MReport November 2021

TheMReport — News and strategies for the evolving mortgage marketplace.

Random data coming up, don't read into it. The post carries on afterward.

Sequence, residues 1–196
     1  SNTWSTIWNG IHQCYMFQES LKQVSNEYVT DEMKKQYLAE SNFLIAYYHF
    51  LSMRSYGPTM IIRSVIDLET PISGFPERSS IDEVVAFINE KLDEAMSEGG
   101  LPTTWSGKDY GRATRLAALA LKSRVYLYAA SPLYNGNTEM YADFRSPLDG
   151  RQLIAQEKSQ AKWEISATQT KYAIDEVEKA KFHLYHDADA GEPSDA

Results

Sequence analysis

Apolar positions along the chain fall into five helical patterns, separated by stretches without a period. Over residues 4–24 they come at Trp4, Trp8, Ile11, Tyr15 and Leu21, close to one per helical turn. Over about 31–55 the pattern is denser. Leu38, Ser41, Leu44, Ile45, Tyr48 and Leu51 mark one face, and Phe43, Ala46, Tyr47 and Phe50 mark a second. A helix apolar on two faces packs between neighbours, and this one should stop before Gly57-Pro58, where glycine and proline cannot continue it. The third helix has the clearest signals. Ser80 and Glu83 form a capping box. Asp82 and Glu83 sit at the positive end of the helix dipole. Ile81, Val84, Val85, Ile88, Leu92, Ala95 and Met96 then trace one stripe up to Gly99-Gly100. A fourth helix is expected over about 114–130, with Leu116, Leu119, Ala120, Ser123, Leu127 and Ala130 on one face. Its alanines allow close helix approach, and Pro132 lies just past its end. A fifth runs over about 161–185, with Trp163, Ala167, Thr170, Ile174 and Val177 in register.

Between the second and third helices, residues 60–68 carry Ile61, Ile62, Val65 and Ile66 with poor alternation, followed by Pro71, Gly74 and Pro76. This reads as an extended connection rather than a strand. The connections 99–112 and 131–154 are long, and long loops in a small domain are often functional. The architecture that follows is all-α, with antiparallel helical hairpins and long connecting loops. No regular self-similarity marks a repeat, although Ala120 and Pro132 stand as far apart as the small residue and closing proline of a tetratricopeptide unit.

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20 | M R EP O RT FEATURE When It's Time to Take the Next Step, Step Carefully For mortgage professionals, the decision to switch companies must be accompanied by an understanding of what you're looking for. By Paul Buege " K nowing when to leave may be the smartest thing anyone can learn," sang Dionne Warwick in one of Burt Bacharach's classic tunes, and truer words have rarely been sung. It's a sentiment that certainly applies to our industry, where loan officers frequently jump ship in hopes of finding greener pastures. Of course, the decision to switch companies isn't always that hard. The more difficult decision may be figuring out where you want to take your talents. Every company has a different culture and different ways of doing business. With a shift- ing market after a year and a half of disruption, making the right choice may seem more challeng- ing than ever. But it can be done. Signs It May Be Time to Move on B ranch managers and loan officers move all the time in our industry, and changing mortgage companies can be nerve-wracking even during normal times. That's why it's critical to know when—and why—it's time to make a switch. Of course, the easiest reason to switch employ- ers is when you're at a company that's floundering or about to go under. Today, however, the majority of mortgage lenders are doing quite well, so the decision to switch companies usually boils down to whether or not you feel happy and supported in your current role. Loan officers may become disillusioned with their employer for all kinds of reasons. One of the biggest and most hurtful reasons is not feeling valued by management, or feeling as though your skills, knowledge, and experience are being taken for granted. Of course, most lenders don't intend to make their people feel this way, but if they aren't putting constant effort into making their people feel valued and empowered, loan officers and branch managers can become disheartened. Many loan officers leave their current company after realizing there's no room to grow. This is quite common at companies that don't invest in their employees' ongoing training or professional development. Probably the biggest motivating factor behind making a move is when your job affects your personal life. As much as people may try to sepa- rate their personal and professional lives, it can be difficult to do so in practice. After all, we spend a significant amount of time and energy at our jobs. If you're unhappy at work, your personal life will likely suffer as well. Often the writing on the wall appears on Sunday evening, when you find yourself dreading going to work the next morning. Or it may boil down to a single moment of clarity while on the

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